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How to Prove It: A Structured Approach Paperback – Jan 16 2006
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"The prose is clear and cogent ... the exercises are plentiful and are pitched at the right level.... I recommend this book very highly!"
"The book provides a valuable introduction to the nuts and bolts of mathematical proofs in general."
"This is a good book, and an exceptionally good mathematics book. Thorough and clear explanations, examples, and (especially) exercised with complete solutions all contribute to make this an excellent choice for teaching yourself, or a class, about writing proofs."
Brent Smith, SIGACT News
Beginning with the basic concepts of logic and set theory, this book teaches the language of mathematics and how it is interpreted. The author uses these concepts as the basis for a step-by-step breakdown of the most important techniques used in constructing proofs. He shows how complex proofs are built up from these smaller steps, using detailed "scratch work" sections to expose the machinery of proofs about the natural numbers, relations, functions, and infinite sets. To give students the opportunity to construct their own proofs, this new edition contains over 200 new exercises, selected solutions, and an introduction to Proof Designer software.See all Product Description
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Top Customer Reviews
Velleman elucidates complex concepts in math extremely clearly, by carefully and thoroughly building on concepts one at a time. His explanation of basic set theory had me looking at the definitions I had already known in an entirely new, fresher and clearier perspective, like I was seeing them again for the first time. Flipping through the book at the beginning, without any knowledge of the symbols, it feels like it's written in code. Two chapters in and you'll find that voila! it is you who are writing that code, fluently.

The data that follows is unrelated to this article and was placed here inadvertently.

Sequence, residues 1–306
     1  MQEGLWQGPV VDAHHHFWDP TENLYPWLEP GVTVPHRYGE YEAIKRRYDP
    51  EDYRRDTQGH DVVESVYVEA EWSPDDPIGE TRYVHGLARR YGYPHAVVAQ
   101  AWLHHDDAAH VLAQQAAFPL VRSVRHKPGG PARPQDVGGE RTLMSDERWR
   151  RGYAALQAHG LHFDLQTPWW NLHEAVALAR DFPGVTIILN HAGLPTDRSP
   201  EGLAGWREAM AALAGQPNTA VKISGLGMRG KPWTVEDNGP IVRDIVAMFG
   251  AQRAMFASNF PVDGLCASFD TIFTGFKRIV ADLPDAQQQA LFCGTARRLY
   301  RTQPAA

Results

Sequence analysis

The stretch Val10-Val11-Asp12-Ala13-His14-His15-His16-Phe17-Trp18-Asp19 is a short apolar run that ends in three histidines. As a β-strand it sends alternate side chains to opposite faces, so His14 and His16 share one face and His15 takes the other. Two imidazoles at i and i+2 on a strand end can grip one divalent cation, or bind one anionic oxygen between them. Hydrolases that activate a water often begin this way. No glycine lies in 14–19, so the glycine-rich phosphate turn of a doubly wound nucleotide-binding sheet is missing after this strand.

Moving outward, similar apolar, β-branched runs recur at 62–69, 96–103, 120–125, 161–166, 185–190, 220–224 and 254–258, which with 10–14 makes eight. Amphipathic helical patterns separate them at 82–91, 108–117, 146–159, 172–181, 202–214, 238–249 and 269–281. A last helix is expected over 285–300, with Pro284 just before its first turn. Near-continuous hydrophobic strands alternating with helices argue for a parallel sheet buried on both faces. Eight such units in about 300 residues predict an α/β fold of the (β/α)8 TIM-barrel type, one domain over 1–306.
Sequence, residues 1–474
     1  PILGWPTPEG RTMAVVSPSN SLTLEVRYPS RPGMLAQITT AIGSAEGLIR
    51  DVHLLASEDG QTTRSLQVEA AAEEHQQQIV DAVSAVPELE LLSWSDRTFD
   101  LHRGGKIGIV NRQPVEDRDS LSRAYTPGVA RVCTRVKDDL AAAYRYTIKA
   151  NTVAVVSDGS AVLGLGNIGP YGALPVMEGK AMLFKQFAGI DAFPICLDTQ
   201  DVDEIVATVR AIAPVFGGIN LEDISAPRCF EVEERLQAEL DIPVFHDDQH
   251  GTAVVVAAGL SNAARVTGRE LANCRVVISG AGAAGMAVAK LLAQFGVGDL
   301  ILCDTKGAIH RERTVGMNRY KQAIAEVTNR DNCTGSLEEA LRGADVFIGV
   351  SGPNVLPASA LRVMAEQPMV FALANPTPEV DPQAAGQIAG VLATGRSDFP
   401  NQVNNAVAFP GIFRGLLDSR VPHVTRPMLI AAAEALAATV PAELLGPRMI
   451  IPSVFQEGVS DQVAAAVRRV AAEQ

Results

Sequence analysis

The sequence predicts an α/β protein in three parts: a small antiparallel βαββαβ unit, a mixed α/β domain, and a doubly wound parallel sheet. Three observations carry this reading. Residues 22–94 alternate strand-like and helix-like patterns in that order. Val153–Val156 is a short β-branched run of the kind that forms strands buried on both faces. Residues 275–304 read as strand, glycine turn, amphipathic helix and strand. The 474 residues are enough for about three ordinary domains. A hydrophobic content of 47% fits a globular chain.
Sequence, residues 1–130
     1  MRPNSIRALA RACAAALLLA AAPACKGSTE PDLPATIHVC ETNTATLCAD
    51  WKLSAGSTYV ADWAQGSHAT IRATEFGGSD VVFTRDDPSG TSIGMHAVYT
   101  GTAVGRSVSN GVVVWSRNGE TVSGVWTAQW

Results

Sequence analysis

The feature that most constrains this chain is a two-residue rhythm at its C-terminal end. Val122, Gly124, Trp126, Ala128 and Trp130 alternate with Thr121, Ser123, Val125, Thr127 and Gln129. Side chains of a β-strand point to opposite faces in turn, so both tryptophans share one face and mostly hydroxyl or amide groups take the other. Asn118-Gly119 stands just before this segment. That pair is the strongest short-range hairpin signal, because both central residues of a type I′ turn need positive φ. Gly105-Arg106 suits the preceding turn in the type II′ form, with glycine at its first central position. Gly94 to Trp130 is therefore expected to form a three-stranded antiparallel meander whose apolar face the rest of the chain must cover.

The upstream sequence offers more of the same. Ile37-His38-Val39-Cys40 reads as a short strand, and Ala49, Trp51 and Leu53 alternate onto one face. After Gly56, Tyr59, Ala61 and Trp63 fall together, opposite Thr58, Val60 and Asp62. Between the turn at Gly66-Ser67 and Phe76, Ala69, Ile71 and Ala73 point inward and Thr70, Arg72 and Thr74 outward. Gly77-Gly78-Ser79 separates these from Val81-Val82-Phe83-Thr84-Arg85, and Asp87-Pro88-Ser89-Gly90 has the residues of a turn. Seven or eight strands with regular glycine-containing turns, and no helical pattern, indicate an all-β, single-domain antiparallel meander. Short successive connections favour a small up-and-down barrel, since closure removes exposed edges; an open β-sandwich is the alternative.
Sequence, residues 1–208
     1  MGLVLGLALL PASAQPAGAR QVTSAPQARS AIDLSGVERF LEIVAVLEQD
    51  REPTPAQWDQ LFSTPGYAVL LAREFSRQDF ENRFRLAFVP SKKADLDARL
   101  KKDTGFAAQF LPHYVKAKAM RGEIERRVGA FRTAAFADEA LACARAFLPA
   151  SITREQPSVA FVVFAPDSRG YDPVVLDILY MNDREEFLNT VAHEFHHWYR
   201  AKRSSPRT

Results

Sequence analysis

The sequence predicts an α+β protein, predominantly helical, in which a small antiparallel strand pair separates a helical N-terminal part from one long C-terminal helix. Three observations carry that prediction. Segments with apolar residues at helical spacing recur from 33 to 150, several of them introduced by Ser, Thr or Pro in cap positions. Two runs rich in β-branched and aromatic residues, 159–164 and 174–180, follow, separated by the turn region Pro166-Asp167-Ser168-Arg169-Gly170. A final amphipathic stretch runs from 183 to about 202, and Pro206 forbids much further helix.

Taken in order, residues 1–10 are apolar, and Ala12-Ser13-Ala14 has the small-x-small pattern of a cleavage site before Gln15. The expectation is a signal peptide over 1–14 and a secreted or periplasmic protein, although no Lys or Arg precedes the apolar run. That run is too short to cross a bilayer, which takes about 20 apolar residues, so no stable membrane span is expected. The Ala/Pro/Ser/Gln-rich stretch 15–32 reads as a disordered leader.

I am eagerly anticipating finishing the book. The later chapters from my current level of understanding seem sort of incomprehensible. All the greater the sense of accomplishment however, when I reach the end and find I can read it as well as if I've learned another language.
I've been studiously working through the problems Velleman includes solved at the back of the book. This book would be *perfect* if all the problems included solutions, then I would attempt all of them, since there would be no fear of reinforcing misunderstanding by believing incorrect answers to be correct.
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